For more information, see:
What is phishing and how can I avoid it?
Phishing is where fake emails and websites fool people into giving personal information like credit card numbers and account user names and passwords.
Phishing often uses trusted brands like banks or online retailers to trick people into responding. The end result can be very serious - millions of dollars are stolen each year, around the world.
How to avoid phishing
Online banking and shopping is generally safe, provided you follow some simple rules:
- Be wary of any email that asks for personal financial information, even if you think it's from a trusted source. Call the company first to make sure
- If you think an email looks suspicious, don't use any links in it to get to a web page
- Make sure you are using a secure website whenever you give out credit card or other sensitive information using your web browser
- Don't fill out forms in email messages that ask for personal financial information
- Make sure your browser (such as Internet Explorer) is up-to-date and that you are using the latest security patches
More information about phishing
If you receive a suspicious email, or think you might be the victim of phishing, contact the bank or company concerned straight away. They should quickly be able to tell you if any email or website is legitimate, before you give out any information.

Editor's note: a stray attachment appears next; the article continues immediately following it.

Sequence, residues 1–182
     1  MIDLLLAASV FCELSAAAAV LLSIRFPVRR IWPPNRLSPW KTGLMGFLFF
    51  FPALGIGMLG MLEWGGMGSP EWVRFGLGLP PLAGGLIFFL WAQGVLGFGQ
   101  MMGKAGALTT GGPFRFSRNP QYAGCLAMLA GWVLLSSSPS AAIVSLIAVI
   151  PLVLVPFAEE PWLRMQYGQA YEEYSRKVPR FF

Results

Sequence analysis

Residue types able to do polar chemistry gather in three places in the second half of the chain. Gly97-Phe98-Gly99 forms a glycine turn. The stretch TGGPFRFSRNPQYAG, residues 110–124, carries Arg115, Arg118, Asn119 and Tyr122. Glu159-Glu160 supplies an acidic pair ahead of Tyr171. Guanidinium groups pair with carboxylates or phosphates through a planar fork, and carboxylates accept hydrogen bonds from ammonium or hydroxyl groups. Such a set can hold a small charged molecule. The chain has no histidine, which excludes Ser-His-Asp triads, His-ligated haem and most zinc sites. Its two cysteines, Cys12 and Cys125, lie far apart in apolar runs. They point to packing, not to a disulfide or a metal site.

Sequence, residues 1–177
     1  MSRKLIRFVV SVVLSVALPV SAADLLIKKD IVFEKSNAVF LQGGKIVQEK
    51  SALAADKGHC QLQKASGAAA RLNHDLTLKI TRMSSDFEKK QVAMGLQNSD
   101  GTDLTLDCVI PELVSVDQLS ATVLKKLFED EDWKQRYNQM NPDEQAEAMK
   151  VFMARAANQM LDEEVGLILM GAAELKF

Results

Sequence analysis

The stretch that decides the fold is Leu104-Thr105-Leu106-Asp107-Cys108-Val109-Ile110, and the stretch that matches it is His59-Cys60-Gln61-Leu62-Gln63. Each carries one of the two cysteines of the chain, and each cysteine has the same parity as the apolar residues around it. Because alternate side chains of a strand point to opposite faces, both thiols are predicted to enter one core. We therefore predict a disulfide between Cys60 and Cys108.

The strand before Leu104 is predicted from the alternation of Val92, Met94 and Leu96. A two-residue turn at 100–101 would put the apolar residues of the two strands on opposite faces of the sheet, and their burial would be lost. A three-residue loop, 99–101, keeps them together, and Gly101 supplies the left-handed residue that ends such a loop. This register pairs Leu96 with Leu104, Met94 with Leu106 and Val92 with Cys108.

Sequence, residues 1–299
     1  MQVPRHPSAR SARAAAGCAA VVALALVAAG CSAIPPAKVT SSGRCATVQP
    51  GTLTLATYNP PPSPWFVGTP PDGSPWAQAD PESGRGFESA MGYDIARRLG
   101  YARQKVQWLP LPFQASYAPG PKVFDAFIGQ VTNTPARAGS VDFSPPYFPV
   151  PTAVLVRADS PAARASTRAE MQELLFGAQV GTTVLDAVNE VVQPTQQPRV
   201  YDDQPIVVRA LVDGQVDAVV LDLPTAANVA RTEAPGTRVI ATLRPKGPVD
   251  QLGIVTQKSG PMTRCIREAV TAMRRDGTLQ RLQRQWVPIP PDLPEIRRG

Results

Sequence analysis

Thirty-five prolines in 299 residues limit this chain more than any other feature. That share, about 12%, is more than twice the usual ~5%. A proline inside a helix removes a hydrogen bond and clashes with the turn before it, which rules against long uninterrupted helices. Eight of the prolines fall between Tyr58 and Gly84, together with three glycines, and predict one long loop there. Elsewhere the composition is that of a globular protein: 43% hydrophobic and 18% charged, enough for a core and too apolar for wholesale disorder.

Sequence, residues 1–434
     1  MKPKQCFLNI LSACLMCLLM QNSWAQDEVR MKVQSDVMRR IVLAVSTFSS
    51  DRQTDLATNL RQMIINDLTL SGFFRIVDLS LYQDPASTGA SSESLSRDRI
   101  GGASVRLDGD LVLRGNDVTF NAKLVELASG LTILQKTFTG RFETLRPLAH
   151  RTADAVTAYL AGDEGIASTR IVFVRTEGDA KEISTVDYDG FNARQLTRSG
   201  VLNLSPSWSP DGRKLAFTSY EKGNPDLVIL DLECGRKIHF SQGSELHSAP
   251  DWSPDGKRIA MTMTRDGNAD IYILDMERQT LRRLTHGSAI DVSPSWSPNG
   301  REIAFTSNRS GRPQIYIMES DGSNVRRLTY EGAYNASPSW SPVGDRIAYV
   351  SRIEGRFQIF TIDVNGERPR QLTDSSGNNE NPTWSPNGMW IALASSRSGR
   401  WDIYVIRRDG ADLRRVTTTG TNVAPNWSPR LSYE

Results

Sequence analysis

Many banks publish information on their websites about new phishing attacks.
For more information on the latest phishing attacks visit the Anti-Phishing Working Group's website
In order for us to investigate and improve our processes in detecting this email, it would be great if you could send us a copy of the email headers and content together. The email header information helps us to determine where an email originated from. The complaint should be sent to firstname.lastname@example.org.
Why am I receiving spam from my own email address?
If you have not sent the email then someone has been 'spoofing' your email address. This means someone has forged an email to make it appear to have come from you, to hide its true origin. Spoofing is used by virus authors and senders of spam. Spoofing is more of a nuisance to you than a danger.
Detailed information about spoofing is available at www.windowsecurity.com/articles/Email-Spoofing.html.
If you have been sent an email that appears to be from a generic Xtra or Spark email address or containing reference to one, it is important to note that the email may not have actually been sent by Spark.
Remember, Spark will never email you asking you to confirm or change your password or confirm your account details.. Never reply to, click on a link or open an attachment contained in an email if you are prompted to confirm or change your password. Even if it seems to be from an 'official' looking Spark email address.
If the message contained an infected attachment (such as .zip file) from a known email virus or worm, Spark's anti-virus filter would have removed any infection before it arrived in your mailbox.
If you receive any more of these messages, please ignore and delete them.